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6.5 — Multidimensional Arrays

The elements of an array can be of any data type, including arrays! An array of arrays is called a multidimensional array.

int anArray[3][5]; // a 3-element array of 5-element arrays

In this case, since we have 2 subscripts, this is a two-dimensional array. In a two-dimensional array, it is convenient to think of the first subscript as being the row, and the 2nd subscript as being the column. Conceptually, the above two-dimensional array is laid out as follows:

[0][0]  [0][1]  [0][2]  [0][3]  [0][4]
[1][0]  [1][1]  [1][2]  [1][3]  [1][4]
[2][0]  [2][1]  [2][2]  [2][3]  [2][4]

To access the elements of a two-dimensional array, simply use two subscripts:

anArray[2][3] = 7;

To initialize a two-dimensional array, it is easiest to use nested braces, with each set of numbers representing a row:

int anArray[3][5] =
{
{ 1, 2, 3, 4, 5, }, // row 0
{ 6, 7, 8, 9, 10, }, // row 1
{ 11, 12, 13, 14, 15 } // row 2
};

When the C++ compiler processes this list, it actually ignores the inner braces altogether. However, we highly recommend you use them anyway for readability purposes.

Two-dimensional arrays with initializer lists can omit (only) the first size specification:

int anArray[][5] =
{
{ 1, 2, 3, 4, 5, },
{ 6, 7, 8, 9, 10, },
{ 11, 12, 13, 14, 15 }
};

The compiler can do the math to figure out what the array size is. However, the following is not allowed:

int anArray[][] =
{
{ 1, 2, 3, 4 },
{ 5, 6, 7, 8 }
};

Because the inner parenthesis are ignored, the compiler can not tell whether you intend to declare a 1×8, 2×4, 4×2, or 8×1 array in this case.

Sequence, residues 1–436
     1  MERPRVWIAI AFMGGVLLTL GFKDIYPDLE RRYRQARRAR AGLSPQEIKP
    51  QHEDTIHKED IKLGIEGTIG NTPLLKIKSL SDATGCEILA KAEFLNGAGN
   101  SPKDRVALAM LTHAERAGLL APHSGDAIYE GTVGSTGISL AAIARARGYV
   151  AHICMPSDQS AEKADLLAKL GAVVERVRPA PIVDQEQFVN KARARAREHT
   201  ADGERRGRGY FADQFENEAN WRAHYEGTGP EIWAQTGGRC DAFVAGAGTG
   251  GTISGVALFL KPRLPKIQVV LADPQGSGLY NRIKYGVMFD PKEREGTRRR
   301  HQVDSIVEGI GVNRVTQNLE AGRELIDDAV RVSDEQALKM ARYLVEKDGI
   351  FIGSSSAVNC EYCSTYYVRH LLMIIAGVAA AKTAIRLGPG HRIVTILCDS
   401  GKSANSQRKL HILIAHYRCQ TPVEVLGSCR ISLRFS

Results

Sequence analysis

Just like normal arrays, multidimensional arrays can still be initialized to 0 as follows:

int anArray[3][5] = { 0 };

Note that this only works if you explicitly declare the size of the array! Otherwise, you will get a two-dimensional array with 1 row.

Accessing all of the elements of a two-dimensional array requires two loops: one for the row, and one for the column. Since two-dimensional arrays are typically accessed row by row, generally the row index is used as the outer loop.

for (int nRow = 0; nRow < nNumRows; nRow++)
    for (int nCol = 0; nCol < nNumCols; nCol++)
        cout << anArray[nRow][nCol];

Multidimensional arrays may be larger than two dimensions. Here is a declaration of a three-dimensional array:

int anArray[5][4][3];

Three-dimensional arrays are hard to initialize in any kind of intuitive way using initializer lists, so it’s typically better to initialize the array to 0 and explicitly assign values using nested loops.

Let’s take a look at a practical example of a two-dimensional array:

// Declare a 10x10 array
const int nNumRows = 10;
const int nNumCols = 10;
int nProduct[nNumRows ][nNumCols ] = { 0 };

// Calculate a multiplication table
for (int nRow = 0; nRow < nNumRows; nRow++)
    for (int nCol = 0; nCol < nNumCols; nCol++)
        nProduct[nRow][nCol] = nRow * nCol;

// Print the table
for (int nRow = 1; nRow < nNumRows; nRow++)
{
    for (int nCol = 1; nCol < nNumCols; nCol++)
        cout << nProduct[nRow][nCol] << "\t";

    cout << endl;
}

This program calculates and prints a multiplication table for all values between 1 and 9 (inclusive). Note that when printing the table, the for loops start from 1 instead of 0. This is to omit printing the 0 column and 0 row, which would just be a bunch of 0s! Here is the output:

1    2    3    4    5    6    7    8    9
2    4    6    8    10   12   14   16   18
3    6    9    12   15   18   21   24   27
4    8    12   16   20   24   28   32   36
5    10   15   20   25   30   35   40   45
6    12   18   24   30   36   42   48   54
7    14   21   28   35   42   49   56   63
8    16   24   32   40   48   56   64   72
9    18   27   36   45   54   63   72   81
6.6 — C-style strings
Index
6.4 — Sorting an array using selection sort

30 comments to 6.5 — Multidimensional Arrays